1846, the three Bronte sisters published a volume of their poems.
The following year, Charlotte’s “Jane Eyre and Anne’s
“Agnes Grey” were published, and Emily’s “Wuthering
Heights” was accepted and awaiting publication.
and most other professions, was considered an unsuitable career for
women, so the reclusive Charlotte, Emily and Anne gave themselves
masculine non-de-plumes. They became Currer, Acton and Ellis Bell, keeping only the
first letter of their own names.
Bronte’s vast talent, Emily’s passionate tale, their combined
masculine identities and their need for seclusion, soon became the
food for gossips, much to the amusement of the sisters.
Charlotte wrote this letter to their publishers while she
continued with the mundane chores of a dutiful daughter.
put your most friendly letter into Emily’s hands as soon as I had
myself perused it. The
North American Review is worth reading; there is no mincing the
matter here. What a bad
set the Bells must be. What
appalling books they write. To-day,
as Emily appeared a little easier, I thought the Review would amuse
her, so I read it aloud to her and Anne.
I sat between them at our quiet but now somewhat melancholy
fireside, I studied the two ferocious authors.
Ellis (Emily Bronte), the “Man of uncommon talents, but
dogged, brutal and morose”, sat leaning back in his easy chair
drawing his impeded breath as best he could, and looking alas,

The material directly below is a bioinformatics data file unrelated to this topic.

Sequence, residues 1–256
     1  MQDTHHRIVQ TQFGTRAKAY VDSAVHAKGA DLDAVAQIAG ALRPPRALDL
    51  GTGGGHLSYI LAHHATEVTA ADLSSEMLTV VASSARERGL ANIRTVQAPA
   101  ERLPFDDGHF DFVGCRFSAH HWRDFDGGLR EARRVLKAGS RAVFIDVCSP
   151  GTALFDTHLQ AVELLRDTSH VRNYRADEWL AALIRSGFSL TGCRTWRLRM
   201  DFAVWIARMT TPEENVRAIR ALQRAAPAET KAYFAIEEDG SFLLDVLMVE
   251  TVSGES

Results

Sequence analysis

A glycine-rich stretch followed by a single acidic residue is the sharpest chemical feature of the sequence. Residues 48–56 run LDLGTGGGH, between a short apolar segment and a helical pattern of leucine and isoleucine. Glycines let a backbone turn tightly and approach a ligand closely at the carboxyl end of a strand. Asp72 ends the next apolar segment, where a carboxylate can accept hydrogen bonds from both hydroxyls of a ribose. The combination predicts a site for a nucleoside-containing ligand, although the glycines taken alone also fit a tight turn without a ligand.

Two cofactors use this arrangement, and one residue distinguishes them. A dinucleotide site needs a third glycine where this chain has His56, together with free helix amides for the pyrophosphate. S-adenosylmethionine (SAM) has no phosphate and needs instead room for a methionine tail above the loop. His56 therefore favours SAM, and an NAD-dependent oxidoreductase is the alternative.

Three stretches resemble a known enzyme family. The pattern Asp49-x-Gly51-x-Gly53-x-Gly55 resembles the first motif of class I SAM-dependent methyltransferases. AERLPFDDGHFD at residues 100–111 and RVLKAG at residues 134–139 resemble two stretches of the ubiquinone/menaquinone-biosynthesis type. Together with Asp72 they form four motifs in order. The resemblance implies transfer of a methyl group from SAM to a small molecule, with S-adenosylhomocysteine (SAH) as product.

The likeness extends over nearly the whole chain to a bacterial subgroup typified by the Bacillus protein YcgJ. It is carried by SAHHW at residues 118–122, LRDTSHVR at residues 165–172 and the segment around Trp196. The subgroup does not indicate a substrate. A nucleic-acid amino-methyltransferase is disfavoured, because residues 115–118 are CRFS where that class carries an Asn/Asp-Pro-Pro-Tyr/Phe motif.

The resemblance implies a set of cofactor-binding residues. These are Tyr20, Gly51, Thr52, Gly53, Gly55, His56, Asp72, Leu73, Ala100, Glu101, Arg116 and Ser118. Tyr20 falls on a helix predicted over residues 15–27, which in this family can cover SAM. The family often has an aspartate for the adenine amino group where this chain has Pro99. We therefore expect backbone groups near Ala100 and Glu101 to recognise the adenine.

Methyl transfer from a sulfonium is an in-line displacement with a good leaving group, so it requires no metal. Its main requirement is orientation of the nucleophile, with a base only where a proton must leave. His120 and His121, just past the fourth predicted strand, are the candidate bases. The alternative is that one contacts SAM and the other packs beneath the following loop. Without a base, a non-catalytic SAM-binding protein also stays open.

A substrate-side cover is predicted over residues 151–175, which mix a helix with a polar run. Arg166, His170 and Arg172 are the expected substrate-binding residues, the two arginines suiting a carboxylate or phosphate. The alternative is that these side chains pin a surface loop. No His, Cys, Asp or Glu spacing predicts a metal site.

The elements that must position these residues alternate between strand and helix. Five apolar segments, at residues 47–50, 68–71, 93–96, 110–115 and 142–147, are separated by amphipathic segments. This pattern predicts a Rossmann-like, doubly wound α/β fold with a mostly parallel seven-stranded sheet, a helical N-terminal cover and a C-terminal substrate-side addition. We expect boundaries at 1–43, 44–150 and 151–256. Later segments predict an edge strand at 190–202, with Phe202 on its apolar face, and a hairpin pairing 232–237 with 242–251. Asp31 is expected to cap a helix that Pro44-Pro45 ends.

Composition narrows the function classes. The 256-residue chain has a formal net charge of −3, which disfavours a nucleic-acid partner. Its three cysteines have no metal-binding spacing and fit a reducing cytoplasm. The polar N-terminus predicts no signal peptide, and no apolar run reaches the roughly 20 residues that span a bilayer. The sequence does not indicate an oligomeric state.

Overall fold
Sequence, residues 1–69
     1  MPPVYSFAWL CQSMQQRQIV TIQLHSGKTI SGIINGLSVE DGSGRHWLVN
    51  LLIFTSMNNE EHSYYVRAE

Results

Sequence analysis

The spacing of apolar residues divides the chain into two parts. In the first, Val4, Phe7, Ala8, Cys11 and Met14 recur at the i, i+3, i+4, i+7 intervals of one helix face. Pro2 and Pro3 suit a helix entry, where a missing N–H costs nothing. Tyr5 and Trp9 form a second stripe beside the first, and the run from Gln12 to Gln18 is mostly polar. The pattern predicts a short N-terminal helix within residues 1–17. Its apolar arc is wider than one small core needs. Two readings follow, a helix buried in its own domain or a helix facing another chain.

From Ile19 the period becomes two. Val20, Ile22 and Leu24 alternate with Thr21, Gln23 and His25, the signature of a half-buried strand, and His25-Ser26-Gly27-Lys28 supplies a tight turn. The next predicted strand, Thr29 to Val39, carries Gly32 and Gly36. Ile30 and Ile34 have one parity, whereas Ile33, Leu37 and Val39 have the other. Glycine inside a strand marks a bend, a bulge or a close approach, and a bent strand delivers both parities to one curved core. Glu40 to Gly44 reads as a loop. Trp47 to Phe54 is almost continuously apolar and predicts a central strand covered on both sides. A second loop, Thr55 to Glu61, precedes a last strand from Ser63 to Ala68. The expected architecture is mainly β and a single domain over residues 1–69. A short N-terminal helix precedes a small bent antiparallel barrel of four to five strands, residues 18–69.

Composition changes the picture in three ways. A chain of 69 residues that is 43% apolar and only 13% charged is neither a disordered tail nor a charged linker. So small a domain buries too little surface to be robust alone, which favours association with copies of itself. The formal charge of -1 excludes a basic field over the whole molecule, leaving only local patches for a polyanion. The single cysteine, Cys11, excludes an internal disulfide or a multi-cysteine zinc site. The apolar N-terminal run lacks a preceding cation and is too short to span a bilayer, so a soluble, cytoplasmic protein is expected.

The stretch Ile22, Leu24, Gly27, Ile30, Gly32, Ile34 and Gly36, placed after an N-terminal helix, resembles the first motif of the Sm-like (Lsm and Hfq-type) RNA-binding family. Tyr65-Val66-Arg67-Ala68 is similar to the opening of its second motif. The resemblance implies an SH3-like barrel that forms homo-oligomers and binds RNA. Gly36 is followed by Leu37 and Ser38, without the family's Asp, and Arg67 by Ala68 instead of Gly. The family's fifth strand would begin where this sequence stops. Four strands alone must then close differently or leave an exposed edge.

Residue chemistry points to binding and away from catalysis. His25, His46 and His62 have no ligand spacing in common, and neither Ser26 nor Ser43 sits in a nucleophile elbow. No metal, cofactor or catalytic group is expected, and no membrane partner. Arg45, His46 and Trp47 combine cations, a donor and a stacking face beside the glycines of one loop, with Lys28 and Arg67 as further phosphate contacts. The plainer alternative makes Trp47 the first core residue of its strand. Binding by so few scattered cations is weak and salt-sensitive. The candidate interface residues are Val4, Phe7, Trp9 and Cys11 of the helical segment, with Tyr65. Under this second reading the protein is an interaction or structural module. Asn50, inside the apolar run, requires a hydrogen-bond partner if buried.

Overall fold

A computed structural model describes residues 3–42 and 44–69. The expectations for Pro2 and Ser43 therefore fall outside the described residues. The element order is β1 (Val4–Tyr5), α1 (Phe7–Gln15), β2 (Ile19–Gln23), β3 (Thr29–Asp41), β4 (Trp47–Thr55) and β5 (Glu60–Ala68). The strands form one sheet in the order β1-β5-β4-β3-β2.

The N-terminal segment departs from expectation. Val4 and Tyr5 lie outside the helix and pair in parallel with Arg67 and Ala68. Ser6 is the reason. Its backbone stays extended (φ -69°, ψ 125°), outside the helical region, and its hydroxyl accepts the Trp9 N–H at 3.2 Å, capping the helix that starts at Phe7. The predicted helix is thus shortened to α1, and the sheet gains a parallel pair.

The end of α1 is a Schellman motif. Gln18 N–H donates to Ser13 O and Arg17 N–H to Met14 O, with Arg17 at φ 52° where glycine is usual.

piteously pale and wasted; but it is not his wont to laugh, but he
smiled half-amused and half in scorn as he listened.
Acton (Anne Bronte) was sewing, no emotion ever stirs him to
loquacity, so he only smiled too, dropping at the same time a single
word of calm amazement to hear his character so darkly portrayed.
wonder what the reviewer would have thought have of his own sagacity
could he have beheld the pair as I did.
Vainly too, might have he have looked round for the masculine
partner in the firm of “Bell & Co.”.
How I laugh in my sleeve when I read the solemn assertions
that “Jane Eyre” was written in partnership and that it “bears
the marks of more than one mind and one sex”.
wise critics would certainly sink a degree in their own estimation
if they knew that yours or Mr Smith’s was the first masculine hand
that touched the manuscript Of Jane Eyre and that until you or he
read it no masculine eye had scanned a line of its contents, no
masculine ear heard a phrase from its pages.
the view they take of the matter rather pleases me than otherwise. If they like I am not unwilling they should think a dozen
ladies and gentlemen aided at the compilation of the book. Strange patchwork it must seem to them – this chapter being
penned by Mr, and that by Miss or Mrs Bell; that character or scene
being delineated by the husband, that other by the wife.
The gentleman, of course, doing the rough work, the lady
getting up the finer parts. I
admire the idea vastly.
beloved Emily had caught a bad cold at the funeral of their brother,
Brampton, and the “brutal and morose” Ellis died of consumption
in 1848, a year after the publication of “Wuthering Heights”.
Great British Writers - Charlotte Bronte
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